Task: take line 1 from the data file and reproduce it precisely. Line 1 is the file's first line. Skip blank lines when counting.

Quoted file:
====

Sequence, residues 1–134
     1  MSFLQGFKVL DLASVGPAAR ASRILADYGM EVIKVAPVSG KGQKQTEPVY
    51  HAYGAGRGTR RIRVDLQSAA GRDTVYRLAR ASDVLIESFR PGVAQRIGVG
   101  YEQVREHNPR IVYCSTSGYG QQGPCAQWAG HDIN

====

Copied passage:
Sequence, residues 1–134